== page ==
Lean Manufacturing Principles

Today we are writing to you regarding Lean Manufacturing Principles.There are many Challenges in Developing Efficient Manufacturing Lines.

What Does ‘Lean Mean?

  • Lean gives the idea of skinny of slim.
  • The word skinny has a negative connotation for a lot of people.
  • The can also be a positive interpretation : ‘ free of burden, healthy, a lot of freedom of movement, muscles, etc.’
  • With this specific vision in mind, people went looking for techniques that would allow a production system to function faster, cheaper and better.
  • Lean Manufacturing is distinguished by: a minimum changeover time, Just-In-Time (JIT) production, Kan Ban systems, a minimum of supplies and last but not least a “ zero waste attitude with each employee.

The Nature of Lean Manufacturing

  • The concept of Lean Manufacturing is a continuation of the mass production system, known in the twenties as the ‘conveyor belt’ of automotive manufacturer Ford.
  • Taiichi Ohno and Eiji Toyota, two employees of the automotive manufacturer Toyota in Japan, developed Lean manufacturing after the Second World War.
  • Lean Manufacturing became known worldwide thanks to the best seller “The machine that changed the world”, in which aspects leading to the success of the Toyota production system are described.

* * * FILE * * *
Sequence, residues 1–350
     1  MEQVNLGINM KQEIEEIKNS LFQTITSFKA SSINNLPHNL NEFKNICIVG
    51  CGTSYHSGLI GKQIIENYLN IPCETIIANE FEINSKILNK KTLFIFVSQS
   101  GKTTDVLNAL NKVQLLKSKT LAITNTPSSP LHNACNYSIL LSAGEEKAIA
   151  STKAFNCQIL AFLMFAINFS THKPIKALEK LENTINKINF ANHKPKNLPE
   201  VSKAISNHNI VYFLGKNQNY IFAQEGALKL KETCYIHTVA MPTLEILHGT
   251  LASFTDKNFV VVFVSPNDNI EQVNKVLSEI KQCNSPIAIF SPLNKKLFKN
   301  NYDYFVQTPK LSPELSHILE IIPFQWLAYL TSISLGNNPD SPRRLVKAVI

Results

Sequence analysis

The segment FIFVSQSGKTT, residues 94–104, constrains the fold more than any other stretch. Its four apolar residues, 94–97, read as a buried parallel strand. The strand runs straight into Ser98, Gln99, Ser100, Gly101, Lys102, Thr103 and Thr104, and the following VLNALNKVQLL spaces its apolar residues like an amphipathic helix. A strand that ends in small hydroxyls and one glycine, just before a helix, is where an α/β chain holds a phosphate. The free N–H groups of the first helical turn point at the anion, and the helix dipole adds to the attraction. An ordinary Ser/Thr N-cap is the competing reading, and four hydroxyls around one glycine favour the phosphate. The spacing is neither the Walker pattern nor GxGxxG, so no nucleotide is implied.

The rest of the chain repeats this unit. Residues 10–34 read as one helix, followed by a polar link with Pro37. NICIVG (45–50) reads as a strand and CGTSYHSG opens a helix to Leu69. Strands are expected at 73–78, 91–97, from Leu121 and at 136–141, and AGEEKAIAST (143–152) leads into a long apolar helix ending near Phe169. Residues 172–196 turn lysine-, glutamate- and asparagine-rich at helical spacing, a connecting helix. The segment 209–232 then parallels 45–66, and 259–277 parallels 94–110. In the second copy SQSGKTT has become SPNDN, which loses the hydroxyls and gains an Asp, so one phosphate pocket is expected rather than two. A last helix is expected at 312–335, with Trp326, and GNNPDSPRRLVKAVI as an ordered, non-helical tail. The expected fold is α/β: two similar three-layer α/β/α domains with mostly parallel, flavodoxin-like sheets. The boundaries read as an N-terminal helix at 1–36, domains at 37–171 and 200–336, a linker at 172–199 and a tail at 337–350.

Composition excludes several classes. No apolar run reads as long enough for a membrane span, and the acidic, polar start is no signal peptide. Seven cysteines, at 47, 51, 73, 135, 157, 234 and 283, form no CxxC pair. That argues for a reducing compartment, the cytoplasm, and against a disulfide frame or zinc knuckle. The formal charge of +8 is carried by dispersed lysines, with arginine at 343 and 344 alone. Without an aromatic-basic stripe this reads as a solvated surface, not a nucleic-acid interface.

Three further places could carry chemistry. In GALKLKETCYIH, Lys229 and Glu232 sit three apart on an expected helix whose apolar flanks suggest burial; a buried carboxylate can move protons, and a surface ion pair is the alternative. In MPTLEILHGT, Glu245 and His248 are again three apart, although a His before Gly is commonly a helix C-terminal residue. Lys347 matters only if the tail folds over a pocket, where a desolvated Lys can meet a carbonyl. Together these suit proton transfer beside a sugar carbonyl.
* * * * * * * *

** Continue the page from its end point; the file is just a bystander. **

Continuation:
• In the eighties Lean Manufacturing also got a base in America. This was partly caused by the co-operation between Toyota and General Motors, who built a factory together.

Lean Manufacturing Basics

  • The Lean approach is based on finding efficiencies and removing wasteful steps that don’t add value to the end product. There is no need to reduce quality with lean manufacturing – the cuts are a result of finding better, more efficient ways of accomplishing the same tasks.
  • To find the efficiencies, lean manufacturing adopts a customer-value focus, asking “What is the customer willing to pay for?’ Customers want value, and they’ll pay only if you can meet their needs. They shouldn’t pay for defects, or for the extra cost of having large inventories. In other words, they shouldn’t pay for your waste.
  • Waste is anything that doesn’t add value to the end product.

There are many tools used for Lean Manufacturing namely.

Regards,
Food Processing Consultants 
Jack N Jill Lean Manufacturing Solutions

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